June 29, 2022 - Sad day, cira. 1835, gone in under five hours...
Their #wynn #hospital destruction continues... demolished June 29, 2022, R.I.P. 442 Lafayette Street / 112 Fayette Street as Oneida County's @AJPicenteJr destroyed 187-years of Downtown @CityofUtica history in under five hours...https://t.co/i3qsuJxLMi pic.twitter.com/AjIkPqaYgZ— #NoHospitalDowntown (@NoHospitalDwtn) July 4, 2022
442 Lafayette Street
The Bington/Isele House (Circa.1835)
By Michael Lehman, AIA
[Note: The following research is largely Mr. Lehman's work from his "Spotlight on a Landmark", which first appeared in The Landmarks Society of Greater Utica's April/May 2018 Preservation newsletter. Better Utica Downtown and #NoHospitalDowntown are working to add additional material to further educate and build Utica's remembrance of the historic Columbia Lafayette Neighborhood.]
Immediately west of the Genesee Street Central Business District (CBD) lies a district rich in history that reflects the various stages of growth which occurred as the village of Old Fort Schuyler, established in 1758, evolved into the City of Utica. By 1920, at its peak, the city was a Bustling Metropolis with greater than 100,000 inhabitants. Ready access to transportation has always supported the growth of the historic Columbia Lafayette Neighborhood- be it river, stagecoach, canals, railroad, trolley, or highways.
Shown above (center), 442 Lafayette Street (previously 112 Fayette Street) is one of three remaining townhouses on a thoroughfare once lined with similar dwellings. These three structures are the last evidence of their existence. They are part of only a handful of examples of early-19th century residential buildings remaining in Utica.
In addition, The Bington/Isele House is located in the Gateway Historic Canal District (GHCD) which was originally identified by a 2005 Peter J. Smith & Co. study commissioned by the city of Utica GHCD Revitalization Plan steering committee. It is, along with #440 and #444, eligible for the National Register of Historic Places according to the New York State Historic Preservation Office (SHPO). As the 200th anniversary of its construction approaches it still provides a glimpse into life in early Utica, New York State, and our young nation.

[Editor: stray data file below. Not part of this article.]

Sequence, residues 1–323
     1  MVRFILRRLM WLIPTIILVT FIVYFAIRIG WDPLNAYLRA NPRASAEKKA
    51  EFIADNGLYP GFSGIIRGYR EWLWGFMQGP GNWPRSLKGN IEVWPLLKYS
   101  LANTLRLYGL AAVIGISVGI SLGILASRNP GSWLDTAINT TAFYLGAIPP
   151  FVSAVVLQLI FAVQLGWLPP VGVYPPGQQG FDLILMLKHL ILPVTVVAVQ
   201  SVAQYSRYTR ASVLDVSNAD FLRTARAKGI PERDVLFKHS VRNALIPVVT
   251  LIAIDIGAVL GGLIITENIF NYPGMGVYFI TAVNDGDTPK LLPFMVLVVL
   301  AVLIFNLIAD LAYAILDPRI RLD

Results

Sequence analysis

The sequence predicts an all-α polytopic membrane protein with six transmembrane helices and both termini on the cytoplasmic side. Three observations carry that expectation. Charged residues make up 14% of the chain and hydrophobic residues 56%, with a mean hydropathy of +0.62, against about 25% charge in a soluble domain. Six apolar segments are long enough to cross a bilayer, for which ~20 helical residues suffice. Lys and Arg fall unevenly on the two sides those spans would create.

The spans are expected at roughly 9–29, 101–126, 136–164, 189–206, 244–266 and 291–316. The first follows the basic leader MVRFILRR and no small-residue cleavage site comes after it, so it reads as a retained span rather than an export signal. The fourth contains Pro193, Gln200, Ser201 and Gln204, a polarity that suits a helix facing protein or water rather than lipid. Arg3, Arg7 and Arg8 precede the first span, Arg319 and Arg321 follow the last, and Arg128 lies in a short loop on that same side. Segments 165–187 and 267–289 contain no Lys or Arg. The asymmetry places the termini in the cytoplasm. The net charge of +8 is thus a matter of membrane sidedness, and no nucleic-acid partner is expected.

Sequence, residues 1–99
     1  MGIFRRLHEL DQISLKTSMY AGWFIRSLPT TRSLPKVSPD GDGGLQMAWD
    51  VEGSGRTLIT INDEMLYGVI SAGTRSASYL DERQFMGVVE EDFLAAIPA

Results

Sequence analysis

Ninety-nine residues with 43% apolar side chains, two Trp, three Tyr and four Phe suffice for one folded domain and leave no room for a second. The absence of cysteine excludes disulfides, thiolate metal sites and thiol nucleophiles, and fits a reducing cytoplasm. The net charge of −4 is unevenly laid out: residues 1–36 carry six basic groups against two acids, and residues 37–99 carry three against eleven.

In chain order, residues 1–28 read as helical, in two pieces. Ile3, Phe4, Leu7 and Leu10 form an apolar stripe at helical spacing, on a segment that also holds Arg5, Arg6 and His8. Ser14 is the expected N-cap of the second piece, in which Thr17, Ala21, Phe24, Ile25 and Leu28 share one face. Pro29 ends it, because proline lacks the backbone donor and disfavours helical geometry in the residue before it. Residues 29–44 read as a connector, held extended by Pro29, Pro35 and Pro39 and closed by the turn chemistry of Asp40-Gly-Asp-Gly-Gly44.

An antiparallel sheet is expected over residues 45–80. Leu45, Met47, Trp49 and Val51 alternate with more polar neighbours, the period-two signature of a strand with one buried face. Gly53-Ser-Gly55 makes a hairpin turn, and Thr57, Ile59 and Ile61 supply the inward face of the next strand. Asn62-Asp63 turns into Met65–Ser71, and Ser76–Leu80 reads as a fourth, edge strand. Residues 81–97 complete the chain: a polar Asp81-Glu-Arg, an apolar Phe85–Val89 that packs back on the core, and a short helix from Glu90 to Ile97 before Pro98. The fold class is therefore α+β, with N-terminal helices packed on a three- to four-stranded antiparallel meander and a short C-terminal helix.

In 2016 The Landmarks Society of Greater Utica included the #440-444 Lafayette Street townhouses on its "Sixteen to Save" endangered buildings list.
An 1806 map of Utica depicts the fledgling settlement as only a crossroads at Bagg’s Square with several houses lining each side of the roads. By 1816 Liberty Street had been laid out at the edge of the village. Court Street which paralleled Liberty Street lay further south and was first known as Old Whitesboro Road as it originated as the old Indian trail leading westward.
A rectilinear street grid soon developed between the two roadways as the village grew rapidly aided by several stagecoach lines. New street names such as Liberty and Columbia reflected the patriotic pride of our newly founded country.
Others honored early landowners and their family, such as Cooper (named for Appollos Copper who originally owned much of the land in the neighborhood including the #442 site), Charles, Cornelia and Sayre. Eastern sections of Cooper and Spring Streets were eliminated for the City Hall and Kennedy Plaza Apartments urban renewal projects.
These maps of the stagecoach and early canal era neighborhood revealed blocks of freestanding residences of Utica’s early citizens built with their business on the first floor or very nearby. This arrangement was necessary in the days of the walking city when compactness and closeness to the city center were the goals. Smaller side streets and alleys- Pine Street, Sayre Alley, Butternut Lane, Carton Alley, Rome Street, and Madison Lane developed perpendicular to the main through fares. Even prominent citizens lived close to their businesses.
Alfred Munson, forebear of the founders of MWPAI and president of the Oneida Bank, lived on the west side of Broadway between Columbia & Lafayette Streets. Neighborhood residents’ occupations ranged from butcher & baker, to soap & candle maker, agent for the Utica & Schenectady Railroad, carpenter, coach maker, constable, church sexton, cordwainer (shoemaker), looking glass manufacturer, music teacher, physician, and V.P. of Temperance Society co-existing with a “distiller of spirits”.
With the completion of the Erie Canal in 1825 the Columbia Lafayette Neighborhood found itself Right On The Canal Banks and began transitioning from a primarily residential area to one that attracted businesses that benefited from being near the canal for transporting raw materials and finished goods to market.